US citizens increasingly moved to Canada through its Express Entry program

Content creators on YouTube that no longer rely on advertising dollars on the platform grew 40% between Jan and May 2020

Why Microsoft wants Tiktok

A sensible piece on Amazon, its private label and the antitrust issue that it has to deal with

Eugene Wei’s latest essay is on TikTok and it’s good

ARK’s latest white paper on SaaS

How Tim Cook has molded Apple into his own version, not Steve Jobs’

Technology

Apple secured a new patent that could equip Apple Watch with odor sensor technology

What’s the Big Deal About Revit? Understanding the Role of Autodesk Revit in Architecture, Engineering, and Construction

Other stuff that I think is interesting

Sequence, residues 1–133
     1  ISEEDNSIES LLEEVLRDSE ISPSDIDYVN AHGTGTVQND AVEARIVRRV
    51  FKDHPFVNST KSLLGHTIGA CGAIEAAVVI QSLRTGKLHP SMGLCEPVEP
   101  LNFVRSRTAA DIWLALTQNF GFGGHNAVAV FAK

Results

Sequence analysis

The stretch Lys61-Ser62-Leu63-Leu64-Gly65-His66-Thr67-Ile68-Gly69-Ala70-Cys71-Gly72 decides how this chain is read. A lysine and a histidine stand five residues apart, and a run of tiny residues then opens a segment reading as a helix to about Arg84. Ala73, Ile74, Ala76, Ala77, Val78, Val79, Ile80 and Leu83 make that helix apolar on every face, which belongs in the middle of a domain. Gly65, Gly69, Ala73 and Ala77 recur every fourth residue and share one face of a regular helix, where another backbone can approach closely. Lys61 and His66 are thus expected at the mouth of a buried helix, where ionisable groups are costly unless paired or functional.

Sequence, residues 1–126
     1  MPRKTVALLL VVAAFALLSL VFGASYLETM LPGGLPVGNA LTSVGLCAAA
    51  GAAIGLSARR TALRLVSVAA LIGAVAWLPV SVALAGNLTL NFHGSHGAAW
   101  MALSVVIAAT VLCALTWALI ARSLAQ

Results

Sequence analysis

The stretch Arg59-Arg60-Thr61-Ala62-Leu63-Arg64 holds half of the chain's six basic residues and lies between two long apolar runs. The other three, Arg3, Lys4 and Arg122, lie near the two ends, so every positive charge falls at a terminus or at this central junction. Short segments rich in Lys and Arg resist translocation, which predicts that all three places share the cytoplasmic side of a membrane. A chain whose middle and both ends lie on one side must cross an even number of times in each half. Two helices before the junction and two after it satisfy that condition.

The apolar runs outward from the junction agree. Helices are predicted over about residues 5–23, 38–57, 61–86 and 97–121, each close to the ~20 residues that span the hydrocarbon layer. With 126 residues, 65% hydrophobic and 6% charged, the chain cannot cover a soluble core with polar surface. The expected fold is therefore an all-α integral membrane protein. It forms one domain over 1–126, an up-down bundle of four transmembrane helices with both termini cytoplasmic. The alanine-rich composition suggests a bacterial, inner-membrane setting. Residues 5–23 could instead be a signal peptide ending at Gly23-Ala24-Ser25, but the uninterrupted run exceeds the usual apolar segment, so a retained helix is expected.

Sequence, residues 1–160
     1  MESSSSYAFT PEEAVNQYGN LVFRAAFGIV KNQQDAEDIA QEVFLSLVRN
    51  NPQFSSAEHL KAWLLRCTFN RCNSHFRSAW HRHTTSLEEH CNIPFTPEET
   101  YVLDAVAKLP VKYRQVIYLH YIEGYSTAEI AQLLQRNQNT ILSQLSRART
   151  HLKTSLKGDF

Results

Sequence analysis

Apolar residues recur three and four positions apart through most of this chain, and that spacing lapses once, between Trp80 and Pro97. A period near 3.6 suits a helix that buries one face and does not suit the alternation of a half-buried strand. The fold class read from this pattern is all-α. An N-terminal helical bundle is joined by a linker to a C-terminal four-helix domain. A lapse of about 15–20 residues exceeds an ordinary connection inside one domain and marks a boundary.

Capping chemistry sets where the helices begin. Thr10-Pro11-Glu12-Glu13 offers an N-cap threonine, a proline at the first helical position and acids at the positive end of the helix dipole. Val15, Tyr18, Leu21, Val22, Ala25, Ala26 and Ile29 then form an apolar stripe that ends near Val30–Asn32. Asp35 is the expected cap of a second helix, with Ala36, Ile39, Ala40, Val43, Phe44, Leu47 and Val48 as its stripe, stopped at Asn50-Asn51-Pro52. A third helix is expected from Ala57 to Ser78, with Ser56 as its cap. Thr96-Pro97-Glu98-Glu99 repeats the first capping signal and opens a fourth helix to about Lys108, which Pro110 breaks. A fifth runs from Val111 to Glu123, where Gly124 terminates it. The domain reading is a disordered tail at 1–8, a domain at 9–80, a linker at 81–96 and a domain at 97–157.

Inside look at CloudKitchens

Bill Gates’ conversation on Covid-19

Weekly readings – 1st August 2020

What I wrote

This sleeping software company has a lot of growth. Learn how the maker of of AutoCAD has a bright future ahead

I gave reasons why I am pessimistic about America’s outlook till the end of the year

Read my thoughts on the antitrust hearing this week

Take a look at this hybrid product of a credit and debit card

My notes on Amazon Q2 FY 2020. A very impressive performance

Business

Paypal’s study on how consumers used their rewards during the pandemic

A good thread on the CEO and Founder of Amazon

American SMBs had an average of $160,000 in sales by selling on Amazon, up year-over-year from about $100,000.

Technology

The Next Generation of Fintech Infrastructure: How API Platforms are Disrupting Banking & Payments

What I find interesting

A story on how Iceland managed to persuade teenagers to stay away from drinking & drugs

The percentage of 15- and 16-year-olds who had been drunk in the previous month plummeted from 42 percent in 1998 to 5 percent in 2016. The percentage who have ever used cannabis is down from 17 percent to 7 percent. Those smoking cigarettes every day fell from 23 percent to just 3 percent.

Source: The Atlantic